It was around this time, in the late 90s, that bands started to adopt Vedder’s philosophy but change it to suit themselves. The post-grunge movement officially began after record labels started signing bands that emulated the core grunge sound, trying to keep up the commercial success of it all. The plaid aesthetic of the early 90s was beginning to fade (even Pearl Jam started to change their sound) and rock music was again shifting its tone. But one thing seemed to stick and that was the iconic Vedder growl. Florida rock band Creed started to murmur in 1997 and their frontman Scott Stapp sounded so much like Vedder that they were given a reputation for being a Pearl Jam imitation band. Soon followed Canadian rock band Nickelback who started off with heavier rock beats, before falling into their soft-rock radio hits that would lead to them being mocked for all of eternity. But one thing was becoming clear and that was Pearl Jam’s, or more importantly – Eddie Vedder’s – influence.
Unlike the first-generation of grunge, this new wave was bringing a softer edge with romance and heartbreak and aspects of pop. Which was, ironically, exactly what grunge was against. With Creed and Nickelback as the new pioneers, more bands like 3 Doors Down, Seether, Puddle of Mudd and Matchbox Twenty were starting to emerge. And they all had one thing in common: they had all adopted the Vedder growl. It seemed that you couldn’t make a rock song without channeling your inner Vedder and pairing it with some sludgy guitars. And while fans believed that this new movement was tasteless and ripping off grunge, it showed just how influential Pearl Jam had been. More than a decade after their debut, the band were still everywhere you went.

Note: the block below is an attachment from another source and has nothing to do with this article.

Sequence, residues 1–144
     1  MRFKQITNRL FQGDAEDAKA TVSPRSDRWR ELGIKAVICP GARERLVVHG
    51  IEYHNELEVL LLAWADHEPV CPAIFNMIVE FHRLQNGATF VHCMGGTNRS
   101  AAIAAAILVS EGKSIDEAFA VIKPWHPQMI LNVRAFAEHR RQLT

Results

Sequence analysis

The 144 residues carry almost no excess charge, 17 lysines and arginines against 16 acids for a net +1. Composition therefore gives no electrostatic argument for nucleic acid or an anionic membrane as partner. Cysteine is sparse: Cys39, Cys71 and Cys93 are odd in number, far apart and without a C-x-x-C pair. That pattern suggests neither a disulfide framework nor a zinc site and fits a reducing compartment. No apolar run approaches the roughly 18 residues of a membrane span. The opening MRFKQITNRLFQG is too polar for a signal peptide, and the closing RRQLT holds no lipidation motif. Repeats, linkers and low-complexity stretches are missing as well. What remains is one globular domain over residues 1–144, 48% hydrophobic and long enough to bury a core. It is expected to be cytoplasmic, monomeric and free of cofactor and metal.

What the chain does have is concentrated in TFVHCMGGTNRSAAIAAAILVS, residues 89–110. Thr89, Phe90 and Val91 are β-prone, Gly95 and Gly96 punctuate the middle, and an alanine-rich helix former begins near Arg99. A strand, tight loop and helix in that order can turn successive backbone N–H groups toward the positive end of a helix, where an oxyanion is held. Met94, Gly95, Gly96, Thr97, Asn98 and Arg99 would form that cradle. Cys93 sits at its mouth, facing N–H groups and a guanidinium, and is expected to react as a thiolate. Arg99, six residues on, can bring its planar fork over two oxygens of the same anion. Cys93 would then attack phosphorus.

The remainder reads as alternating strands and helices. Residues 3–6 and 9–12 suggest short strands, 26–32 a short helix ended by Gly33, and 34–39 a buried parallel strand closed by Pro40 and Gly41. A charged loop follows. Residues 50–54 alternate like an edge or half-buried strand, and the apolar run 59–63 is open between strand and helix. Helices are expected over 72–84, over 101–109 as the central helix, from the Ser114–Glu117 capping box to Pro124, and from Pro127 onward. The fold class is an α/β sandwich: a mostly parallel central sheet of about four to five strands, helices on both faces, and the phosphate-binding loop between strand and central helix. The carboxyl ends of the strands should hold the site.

And it didn’t just stop at rock music. Vedder’s soul and voice started popping up in country tracks, his growl hitting the same register as a whiskey-soaked drawl. (Bradley Cooper would later cite Vedder as his influence for his character in A Star Is Born). His stage antics were adopted by rappers and new punk artists, their desire to rebel in terms of entertainment seeing Vedder to be a prime influence. The way Pearl Jam engaged with their fans, encouraging recordings and keeping ticket prices low to respect their loyalty became a philosophy of new artists and the way Vedder bared his soul in a shockingly raw way would change music forever, with no subject off the table.
In more ways than one, Vedder changed the game. He charged at a movement with full force and landed exactly where he needed to ride the wave as far as it would take him. It’s hard to see how things would’ve ended up if he hadn’t emerged. Maybe another grunge artist would’ve taken his place, but there’s just something about Vedder himself that can’t be truly replicated. The world had never heard a voice like his before and it never will again. But that doesn’t mean people won’t ever stop trying.
Listen to Pearl Jam’s latest album Gigaton below.